Right now I’m writing this article 7,700 miles away from home in a busy Coffee Bean. It’s the same store I’d be in if I were back home in California. If I were in Arizona then I’d be at my old Starbucks/Barnes & Noble combo. Ah, I miss Barnes & Noble.
I’ve been getting a lot of readers asking me about what I’ve been up to in the Philippines which made me realize I’ve been a bit secretive lately.
Although there are plenty things I won’t be sharing, I felt it’s only fair to talk about my first impressions of this foreign country.
What I Like
First of all, the people are absolutely amazing. My friends from back home only knew about Manila and so they were concerned I’d be in an awfully crowded city with tons of traffic and swindlers. The truth is, I’m actually in the fourth safest city in the world, Davao.
Almost everyone in Davao has a completely different attitude compared to the western world.
Back in the states, time is money and we’re all in a rush to be somewhere. We’re angry, anxious, and we don’t treat everyone as nicely as we should.
From my observations, it seems like everyone in this city loves one another. Conversations seem more genuine, smiles are wider, and laughter has a cheerful tone despite the impoverished state of many people living here. Time is slower and you can enjoy the little things more in this environment, something I really like.
I’m a bit boring, you know. I appreciate the quietness and lack of action at every corner. If you’re into the party scene, you wouldn’t enjoy this place nearly as much as I do.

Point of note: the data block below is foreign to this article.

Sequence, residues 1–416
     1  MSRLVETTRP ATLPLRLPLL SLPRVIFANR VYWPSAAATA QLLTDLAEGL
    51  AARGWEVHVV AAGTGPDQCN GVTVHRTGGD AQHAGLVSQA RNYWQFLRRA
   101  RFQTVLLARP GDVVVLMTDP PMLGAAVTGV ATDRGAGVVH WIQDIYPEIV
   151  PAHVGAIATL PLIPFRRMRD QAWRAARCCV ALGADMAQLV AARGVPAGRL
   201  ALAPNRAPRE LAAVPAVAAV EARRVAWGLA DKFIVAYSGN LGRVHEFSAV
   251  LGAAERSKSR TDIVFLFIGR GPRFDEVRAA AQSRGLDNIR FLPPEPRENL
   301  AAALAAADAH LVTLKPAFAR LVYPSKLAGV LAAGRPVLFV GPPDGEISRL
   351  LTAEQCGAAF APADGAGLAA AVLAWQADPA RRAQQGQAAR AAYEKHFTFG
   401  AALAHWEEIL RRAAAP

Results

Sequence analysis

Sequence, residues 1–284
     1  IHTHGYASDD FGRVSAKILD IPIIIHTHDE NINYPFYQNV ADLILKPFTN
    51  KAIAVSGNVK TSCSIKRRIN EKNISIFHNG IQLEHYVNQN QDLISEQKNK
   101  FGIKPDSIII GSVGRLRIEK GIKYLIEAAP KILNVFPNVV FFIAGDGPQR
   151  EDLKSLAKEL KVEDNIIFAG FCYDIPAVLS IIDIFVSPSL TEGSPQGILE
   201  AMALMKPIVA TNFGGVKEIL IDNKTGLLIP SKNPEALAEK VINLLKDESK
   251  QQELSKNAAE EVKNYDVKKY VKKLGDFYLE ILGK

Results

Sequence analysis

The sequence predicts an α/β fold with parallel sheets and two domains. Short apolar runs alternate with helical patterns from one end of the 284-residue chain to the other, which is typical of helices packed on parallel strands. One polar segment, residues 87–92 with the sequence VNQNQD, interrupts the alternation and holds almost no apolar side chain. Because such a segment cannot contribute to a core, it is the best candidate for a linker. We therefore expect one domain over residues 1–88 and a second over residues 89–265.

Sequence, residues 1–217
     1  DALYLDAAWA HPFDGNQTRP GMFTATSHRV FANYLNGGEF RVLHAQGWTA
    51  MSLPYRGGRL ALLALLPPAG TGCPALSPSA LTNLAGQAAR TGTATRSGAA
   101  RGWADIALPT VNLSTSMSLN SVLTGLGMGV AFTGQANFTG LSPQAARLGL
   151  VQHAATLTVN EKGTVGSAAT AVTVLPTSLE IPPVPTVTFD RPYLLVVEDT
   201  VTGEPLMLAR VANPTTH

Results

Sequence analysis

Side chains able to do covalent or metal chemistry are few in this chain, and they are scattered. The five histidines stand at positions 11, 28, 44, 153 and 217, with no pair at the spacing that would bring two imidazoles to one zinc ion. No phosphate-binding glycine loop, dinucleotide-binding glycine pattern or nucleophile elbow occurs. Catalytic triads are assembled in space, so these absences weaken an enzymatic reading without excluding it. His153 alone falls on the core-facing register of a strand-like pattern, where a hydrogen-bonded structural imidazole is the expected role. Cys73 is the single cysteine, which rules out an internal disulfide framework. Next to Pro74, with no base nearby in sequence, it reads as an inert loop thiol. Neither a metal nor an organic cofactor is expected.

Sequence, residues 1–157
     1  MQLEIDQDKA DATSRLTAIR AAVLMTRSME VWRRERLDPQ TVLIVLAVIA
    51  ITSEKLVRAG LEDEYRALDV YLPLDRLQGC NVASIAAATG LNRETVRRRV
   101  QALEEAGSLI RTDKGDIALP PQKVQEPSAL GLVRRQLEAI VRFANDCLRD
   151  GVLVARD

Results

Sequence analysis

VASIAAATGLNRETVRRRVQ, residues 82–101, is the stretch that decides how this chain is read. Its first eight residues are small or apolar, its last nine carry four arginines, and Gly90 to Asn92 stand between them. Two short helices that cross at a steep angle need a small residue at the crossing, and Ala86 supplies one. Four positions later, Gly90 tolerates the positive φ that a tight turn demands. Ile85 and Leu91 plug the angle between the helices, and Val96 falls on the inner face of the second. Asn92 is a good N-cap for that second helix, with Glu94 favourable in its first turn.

It’s funny to see security guards holding shotguns with a big smile on their face. Seriously, you can’t go into any mall without being quickly patted down and your car or taxi being inspected for bombs.
These safety measures happens a lot faster than you would think, as these aren’t airport TSA patdowns and security checkpoints. It’s just a part of daily life that no one really minds.
All of the extra security is intimidating at first, but you get used to it almost immediately. Maybe when I go back home I’ll find it weird I didn’t get patted down and checked for weapons.
If you’re light-skinned, you better get ready to be stared at everywhere you go. People will look at you with a smile on their face and a look of curiosity. “Whoa! What are you doing in my country?” They’ll think you’re just the coolest.